Dental phobia is quite widespread. According to Psychology Today, 15% of dental patients are afraid of their dentist. Choosing a friendly dentist is one way of helping yourself overcome your dental fears. However, for some, it’s more deep-seated than just having an unfriendly or unapproachable doctor. For some people, dental phobia is an irrational fear that they just can’t deal with. We’ve spoken at length on our blog about the different procedures that we do to help our clients get a better idea of what going to the dentist entails. But for those who need a bit more help to overcome their fear of the chair, these tips might help you deal with your dental phobia.

Tip 1: Choose a Less Busy Time of the Day

Most people opt to visit the dentist in the morning, so you tend to have fewer visitors in the afternoon. Afternoon visits also have fewer people in the waiting room and fewer weird noises coming from the dentist’s office. If you’re trying to reduce your anxiety, opting for an afternoon spot might be worth it since you have fewer people to deal with and are less likely to get scared off by the sound of the machines.

Tip 2: Get a Relaxing Playlist and use Noise Canceling Headphones

When you’re in the waiting room, your anxiety starts rising the closer you get to entering the office. One of the best ways to avoid that is to use noise-canceling headphones and select a friendly, calming playlist. It’s also vital that you keep checking with the receptionist, in case it’s an office that calls its clients when it’s their turn. Maybe ask the receptionist if they could make an exception for you and mention your dental phobia as a reason. Most receptionists are open to the idea of helping clients out like that.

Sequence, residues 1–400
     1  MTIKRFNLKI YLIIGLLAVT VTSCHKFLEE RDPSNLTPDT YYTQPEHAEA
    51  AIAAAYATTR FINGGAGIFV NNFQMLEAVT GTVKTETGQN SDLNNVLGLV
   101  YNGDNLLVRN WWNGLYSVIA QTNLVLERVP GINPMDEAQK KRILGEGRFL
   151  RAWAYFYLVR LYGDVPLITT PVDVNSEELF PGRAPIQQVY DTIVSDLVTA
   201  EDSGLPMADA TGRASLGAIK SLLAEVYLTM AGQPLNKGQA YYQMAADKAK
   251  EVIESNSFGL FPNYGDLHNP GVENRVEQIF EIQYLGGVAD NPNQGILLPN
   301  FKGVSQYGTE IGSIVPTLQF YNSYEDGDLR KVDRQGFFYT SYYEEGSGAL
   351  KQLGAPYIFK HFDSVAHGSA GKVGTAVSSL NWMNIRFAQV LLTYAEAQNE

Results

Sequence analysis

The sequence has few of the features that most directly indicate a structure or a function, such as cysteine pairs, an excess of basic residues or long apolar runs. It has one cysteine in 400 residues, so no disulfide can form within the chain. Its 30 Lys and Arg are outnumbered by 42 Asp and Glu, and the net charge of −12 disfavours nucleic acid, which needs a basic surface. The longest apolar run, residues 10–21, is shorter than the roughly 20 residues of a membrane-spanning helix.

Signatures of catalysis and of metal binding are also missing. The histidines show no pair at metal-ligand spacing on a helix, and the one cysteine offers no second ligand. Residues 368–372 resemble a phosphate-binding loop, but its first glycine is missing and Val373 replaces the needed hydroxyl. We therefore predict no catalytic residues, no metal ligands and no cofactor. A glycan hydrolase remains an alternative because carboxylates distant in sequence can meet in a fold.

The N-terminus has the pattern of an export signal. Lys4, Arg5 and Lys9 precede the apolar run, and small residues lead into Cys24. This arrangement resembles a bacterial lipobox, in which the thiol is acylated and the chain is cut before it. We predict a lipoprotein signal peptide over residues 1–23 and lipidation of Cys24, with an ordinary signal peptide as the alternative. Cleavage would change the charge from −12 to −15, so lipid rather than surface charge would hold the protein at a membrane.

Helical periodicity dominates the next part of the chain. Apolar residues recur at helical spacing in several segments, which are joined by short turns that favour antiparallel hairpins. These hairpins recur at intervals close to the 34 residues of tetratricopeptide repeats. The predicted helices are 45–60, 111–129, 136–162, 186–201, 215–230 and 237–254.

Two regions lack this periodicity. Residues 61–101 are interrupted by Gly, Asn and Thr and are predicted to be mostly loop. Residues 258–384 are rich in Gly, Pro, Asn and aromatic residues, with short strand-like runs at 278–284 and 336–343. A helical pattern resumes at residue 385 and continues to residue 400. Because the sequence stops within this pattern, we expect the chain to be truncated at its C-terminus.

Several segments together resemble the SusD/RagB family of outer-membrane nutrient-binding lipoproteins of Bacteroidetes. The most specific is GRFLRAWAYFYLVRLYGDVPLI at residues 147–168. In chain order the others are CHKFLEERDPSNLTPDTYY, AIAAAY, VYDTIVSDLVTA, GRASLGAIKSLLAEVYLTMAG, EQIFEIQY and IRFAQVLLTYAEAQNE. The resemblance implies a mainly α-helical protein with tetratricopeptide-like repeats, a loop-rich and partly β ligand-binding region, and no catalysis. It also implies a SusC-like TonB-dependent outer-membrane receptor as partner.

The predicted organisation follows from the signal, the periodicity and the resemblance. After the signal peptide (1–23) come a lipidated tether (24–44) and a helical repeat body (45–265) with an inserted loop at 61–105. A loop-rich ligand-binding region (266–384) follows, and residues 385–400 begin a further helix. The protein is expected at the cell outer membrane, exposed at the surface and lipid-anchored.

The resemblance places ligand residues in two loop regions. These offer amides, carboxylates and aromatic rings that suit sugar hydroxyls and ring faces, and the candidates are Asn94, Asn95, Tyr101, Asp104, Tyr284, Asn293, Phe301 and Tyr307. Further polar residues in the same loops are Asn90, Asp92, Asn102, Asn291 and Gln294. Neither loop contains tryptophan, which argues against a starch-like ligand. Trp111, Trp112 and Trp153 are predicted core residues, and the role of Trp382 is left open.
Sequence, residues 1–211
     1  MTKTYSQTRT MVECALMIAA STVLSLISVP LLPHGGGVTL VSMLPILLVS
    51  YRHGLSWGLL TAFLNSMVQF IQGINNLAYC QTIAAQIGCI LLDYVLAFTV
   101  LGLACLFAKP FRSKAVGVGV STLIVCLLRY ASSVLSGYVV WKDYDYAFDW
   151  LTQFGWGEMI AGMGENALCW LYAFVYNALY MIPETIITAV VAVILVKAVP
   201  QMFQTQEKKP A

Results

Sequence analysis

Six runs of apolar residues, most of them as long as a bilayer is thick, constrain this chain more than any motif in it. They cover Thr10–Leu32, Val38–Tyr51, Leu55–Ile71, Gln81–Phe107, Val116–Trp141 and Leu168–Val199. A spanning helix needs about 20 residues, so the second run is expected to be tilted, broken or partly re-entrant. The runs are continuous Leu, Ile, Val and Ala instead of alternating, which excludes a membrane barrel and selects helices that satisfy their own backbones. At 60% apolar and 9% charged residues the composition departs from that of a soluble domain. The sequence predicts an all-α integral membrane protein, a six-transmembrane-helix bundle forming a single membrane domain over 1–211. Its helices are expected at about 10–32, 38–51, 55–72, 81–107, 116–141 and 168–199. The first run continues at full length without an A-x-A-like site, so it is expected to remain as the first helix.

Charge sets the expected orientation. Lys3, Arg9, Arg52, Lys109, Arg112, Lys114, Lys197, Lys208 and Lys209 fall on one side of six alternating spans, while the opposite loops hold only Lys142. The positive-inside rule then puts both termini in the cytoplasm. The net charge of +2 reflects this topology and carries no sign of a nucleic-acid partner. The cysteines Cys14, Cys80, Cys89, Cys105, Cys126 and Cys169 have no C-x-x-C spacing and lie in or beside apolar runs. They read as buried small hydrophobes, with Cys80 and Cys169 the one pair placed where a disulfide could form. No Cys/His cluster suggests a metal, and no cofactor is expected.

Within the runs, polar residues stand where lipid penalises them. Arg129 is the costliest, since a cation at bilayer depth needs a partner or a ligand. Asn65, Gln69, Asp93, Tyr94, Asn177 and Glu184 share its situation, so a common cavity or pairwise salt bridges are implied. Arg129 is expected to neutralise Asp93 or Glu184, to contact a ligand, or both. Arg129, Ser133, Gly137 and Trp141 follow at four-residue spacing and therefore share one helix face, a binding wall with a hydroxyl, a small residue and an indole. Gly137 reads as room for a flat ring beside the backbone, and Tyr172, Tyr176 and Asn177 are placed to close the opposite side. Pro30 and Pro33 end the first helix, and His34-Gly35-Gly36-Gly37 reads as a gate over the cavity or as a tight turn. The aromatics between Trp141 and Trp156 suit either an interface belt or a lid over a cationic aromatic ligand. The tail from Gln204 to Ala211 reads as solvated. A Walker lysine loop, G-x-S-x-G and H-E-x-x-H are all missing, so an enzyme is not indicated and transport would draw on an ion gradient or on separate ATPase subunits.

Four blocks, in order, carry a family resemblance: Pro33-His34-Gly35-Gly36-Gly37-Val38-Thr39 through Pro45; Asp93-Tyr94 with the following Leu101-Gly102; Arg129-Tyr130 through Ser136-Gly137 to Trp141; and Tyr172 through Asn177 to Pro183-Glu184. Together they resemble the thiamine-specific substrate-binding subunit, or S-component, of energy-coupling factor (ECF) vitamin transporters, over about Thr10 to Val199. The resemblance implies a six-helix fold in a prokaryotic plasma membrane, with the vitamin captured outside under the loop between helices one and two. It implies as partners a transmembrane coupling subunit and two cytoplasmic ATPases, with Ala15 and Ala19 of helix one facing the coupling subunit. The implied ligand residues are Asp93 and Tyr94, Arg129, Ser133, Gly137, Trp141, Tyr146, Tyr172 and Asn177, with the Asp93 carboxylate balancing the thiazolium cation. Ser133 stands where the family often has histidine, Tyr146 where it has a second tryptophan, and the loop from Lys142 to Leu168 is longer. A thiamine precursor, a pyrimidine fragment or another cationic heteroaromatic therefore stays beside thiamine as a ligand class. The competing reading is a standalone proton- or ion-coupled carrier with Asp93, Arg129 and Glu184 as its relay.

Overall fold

Tip 3: Use Deep Breathing to Relax Your Mind and Body

As much as deep breathing might sound like snake oil, it has been proven to work. When you feel your anxiety rise to dangerous levels, close your eyes and take a long, continuous and deep breath in through your nose. Slowly release the breath through your mouth and do it again. This sort of breathing can help to calm your nerves and give you something else to focus on. You can even do it alongside your calming playlist and noise-canceling headphones. Multiple methods of managing your anxiety can give you backup ideas if one doesn’t work.

These are only a few of the strategies that can and do work when trying to combat anxiety and fear. And while facing our phobias may not be anything we are interested in doing, in this case it is of the utmost importance, as it could mean the future well-being of our teeth and gums.